“If education is the key to helping children escape poverty, access to water and sanitation are the key to helping children safely maximize their education.”, says Kelly Ann Naylor, UNICEF Global Head of Water, Sanitation, and Hygiene.
‘Drinking water, Sanitation and Hygiene in schools 2018’ report prepared in collaboration with the World Health Organization (WHO) comes to the surface and its a no good news.
According to the data that emerges from the report which was made public during World Water Week, millions of children around the world continue to attend schools that lack drinking water, improved sanitation facilities and places to wash their hands that deprives them of a healthy learning environment and can influence their schooling, especially in the case of girls.
These are the 10 embarrassing facts that the report digs out of the worsening sanitation condition of schools due to the prevailing water crisis and some other issues.
- Only 69% of schools have a basic service of clean drinking water in the world.
- In 1 of every 4 elementary schools, there is no potable(safe to drink) water service. The data is reduced to 1 out of every 6 when we move on to secondary school.
- In general, almost 600 million children lacked a basic safe water service at their schools in 2016.
- Only 66% of the schools had a basic sanitation service (bathrooms) in 2016 around the world.
- 1 out of 5 elementary schools and 1 out of 8 secondary schools do not have toilets or services.
- 1/3 of schools in sub-Saharan Africa and Oceania either. In most countries where data are available, less than 50% of schools have accessible toilets for students with limited mobility.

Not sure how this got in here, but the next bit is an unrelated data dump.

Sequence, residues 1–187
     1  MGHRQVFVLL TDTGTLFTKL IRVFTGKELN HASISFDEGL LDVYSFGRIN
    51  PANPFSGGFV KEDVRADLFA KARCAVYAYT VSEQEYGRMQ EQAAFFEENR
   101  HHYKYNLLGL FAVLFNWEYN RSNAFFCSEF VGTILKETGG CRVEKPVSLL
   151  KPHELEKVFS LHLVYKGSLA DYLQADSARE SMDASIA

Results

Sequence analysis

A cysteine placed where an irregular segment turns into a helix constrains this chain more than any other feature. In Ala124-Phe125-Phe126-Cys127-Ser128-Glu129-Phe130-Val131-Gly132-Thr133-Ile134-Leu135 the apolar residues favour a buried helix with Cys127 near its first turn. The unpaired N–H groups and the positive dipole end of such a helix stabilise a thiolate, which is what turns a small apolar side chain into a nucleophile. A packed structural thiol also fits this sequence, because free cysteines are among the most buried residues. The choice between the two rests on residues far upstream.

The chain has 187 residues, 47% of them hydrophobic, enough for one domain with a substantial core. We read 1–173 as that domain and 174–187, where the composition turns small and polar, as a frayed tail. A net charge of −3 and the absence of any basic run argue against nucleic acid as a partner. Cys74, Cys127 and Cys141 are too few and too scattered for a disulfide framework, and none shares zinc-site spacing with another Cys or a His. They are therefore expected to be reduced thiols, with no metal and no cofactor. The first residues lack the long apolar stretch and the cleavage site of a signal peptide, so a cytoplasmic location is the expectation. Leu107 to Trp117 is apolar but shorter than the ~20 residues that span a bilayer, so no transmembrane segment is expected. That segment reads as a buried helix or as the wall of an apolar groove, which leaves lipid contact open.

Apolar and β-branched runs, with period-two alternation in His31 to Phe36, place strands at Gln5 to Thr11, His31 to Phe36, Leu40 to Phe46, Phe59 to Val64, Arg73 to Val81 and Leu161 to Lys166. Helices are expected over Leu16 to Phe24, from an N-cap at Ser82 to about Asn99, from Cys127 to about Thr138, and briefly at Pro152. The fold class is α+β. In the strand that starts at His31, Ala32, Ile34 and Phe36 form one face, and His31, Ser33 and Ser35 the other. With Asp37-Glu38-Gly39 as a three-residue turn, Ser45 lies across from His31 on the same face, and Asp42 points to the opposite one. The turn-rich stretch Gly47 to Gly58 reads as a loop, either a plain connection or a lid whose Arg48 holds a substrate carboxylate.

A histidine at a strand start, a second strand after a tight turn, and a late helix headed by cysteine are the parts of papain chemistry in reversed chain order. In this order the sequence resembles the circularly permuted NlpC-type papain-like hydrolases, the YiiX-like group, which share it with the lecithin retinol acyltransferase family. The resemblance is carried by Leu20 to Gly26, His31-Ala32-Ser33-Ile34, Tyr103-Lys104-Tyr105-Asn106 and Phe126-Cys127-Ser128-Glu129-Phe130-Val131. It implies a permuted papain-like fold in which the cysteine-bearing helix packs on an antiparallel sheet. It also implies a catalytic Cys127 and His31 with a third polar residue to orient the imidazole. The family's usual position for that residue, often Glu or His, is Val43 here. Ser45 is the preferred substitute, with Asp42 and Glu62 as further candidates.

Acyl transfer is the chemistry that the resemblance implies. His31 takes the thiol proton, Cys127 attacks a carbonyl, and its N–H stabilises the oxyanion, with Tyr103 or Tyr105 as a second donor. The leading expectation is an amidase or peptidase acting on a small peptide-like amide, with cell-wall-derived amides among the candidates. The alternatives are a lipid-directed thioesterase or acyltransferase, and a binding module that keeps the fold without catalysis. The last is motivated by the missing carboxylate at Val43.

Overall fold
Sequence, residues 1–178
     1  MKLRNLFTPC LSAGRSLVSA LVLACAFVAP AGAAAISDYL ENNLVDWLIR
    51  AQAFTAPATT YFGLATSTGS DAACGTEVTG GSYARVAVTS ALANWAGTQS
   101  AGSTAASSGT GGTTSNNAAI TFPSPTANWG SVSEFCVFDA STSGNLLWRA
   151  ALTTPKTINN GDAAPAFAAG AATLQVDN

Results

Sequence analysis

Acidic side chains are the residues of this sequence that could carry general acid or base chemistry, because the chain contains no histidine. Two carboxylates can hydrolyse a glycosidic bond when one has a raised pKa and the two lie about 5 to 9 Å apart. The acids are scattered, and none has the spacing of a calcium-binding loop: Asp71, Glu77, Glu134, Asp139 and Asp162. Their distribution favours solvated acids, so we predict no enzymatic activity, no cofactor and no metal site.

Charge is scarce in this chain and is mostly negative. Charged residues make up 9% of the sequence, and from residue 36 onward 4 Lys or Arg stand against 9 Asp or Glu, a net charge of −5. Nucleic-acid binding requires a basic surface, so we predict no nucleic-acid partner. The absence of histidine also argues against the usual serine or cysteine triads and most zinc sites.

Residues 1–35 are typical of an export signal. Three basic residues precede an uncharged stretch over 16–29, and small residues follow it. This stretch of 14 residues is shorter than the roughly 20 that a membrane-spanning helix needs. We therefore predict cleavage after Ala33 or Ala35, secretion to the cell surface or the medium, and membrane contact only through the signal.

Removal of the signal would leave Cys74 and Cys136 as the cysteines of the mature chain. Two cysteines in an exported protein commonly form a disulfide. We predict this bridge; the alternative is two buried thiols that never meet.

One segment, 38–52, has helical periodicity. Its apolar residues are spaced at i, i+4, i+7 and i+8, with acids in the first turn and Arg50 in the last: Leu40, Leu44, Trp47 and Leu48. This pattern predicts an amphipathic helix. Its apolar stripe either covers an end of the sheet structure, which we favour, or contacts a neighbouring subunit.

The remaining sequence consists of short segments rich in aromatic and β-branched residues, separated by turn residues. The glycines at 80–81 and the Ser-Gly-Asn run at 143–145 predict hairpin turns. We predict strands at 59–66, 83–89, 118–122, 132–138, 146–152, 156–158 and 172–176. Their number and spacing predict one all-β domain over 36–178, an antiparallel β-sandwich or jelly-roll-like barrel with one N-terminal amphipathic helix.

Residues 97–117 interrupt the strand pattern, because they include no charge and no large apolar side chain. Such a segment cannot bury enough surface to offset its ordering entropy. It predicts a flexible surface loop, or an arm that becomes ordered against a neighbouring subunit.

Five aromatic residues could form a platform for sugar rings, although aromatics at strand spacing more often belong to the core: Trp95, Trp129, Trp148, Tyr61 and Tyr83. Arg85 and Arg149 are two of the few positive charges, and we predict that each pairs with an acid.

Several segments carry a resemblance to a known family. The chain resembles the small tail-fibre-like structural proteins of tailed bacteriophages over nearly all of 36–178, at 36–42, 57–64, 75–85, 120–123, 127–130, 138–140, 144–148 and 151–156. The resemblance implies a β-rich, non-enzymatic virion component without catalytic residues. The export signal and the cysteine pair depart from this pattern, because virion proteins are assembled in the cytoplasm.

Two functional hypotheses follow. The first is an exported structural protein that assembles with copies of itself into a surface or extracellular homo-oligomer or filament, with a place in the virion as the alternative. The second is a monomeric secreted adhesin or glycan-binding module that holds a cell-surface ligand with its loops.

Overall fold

- 600 million children around the world do not have a toilet in their school.
- Nearly 900 million children worldwide lack a hand-washing service.
- 1 out of 3 primary schools do not have any more than a quarter of the secondary schools do not have hygiene/hand washing services.
- Neither do they possess more than 1/3 of the schools in the whole world and half of those of the less developed countries.
The World Bank last year warned countries needed to quadruple spending to $150 billion a year to deliver universal safe water and sanitation. However, experts say they are optimistic the situation can be quickly improved if leaders treat water, sanitation, and hygiene as a priority.
According to a recent report by the International Monetary Fund (IMF), Pakistan ranks third in the world among countries facing an acute water crisis. While Civil society is playing its part in creating awareness to save water, it’s the duty of the government to come up with a policy to tackle this grave issue.
We support CJP Saqib Nisar initiative as he has established a dam fund to curb water crisis and is going soon to Europe for the same purpose, still we are waiting to see something from new PTI government.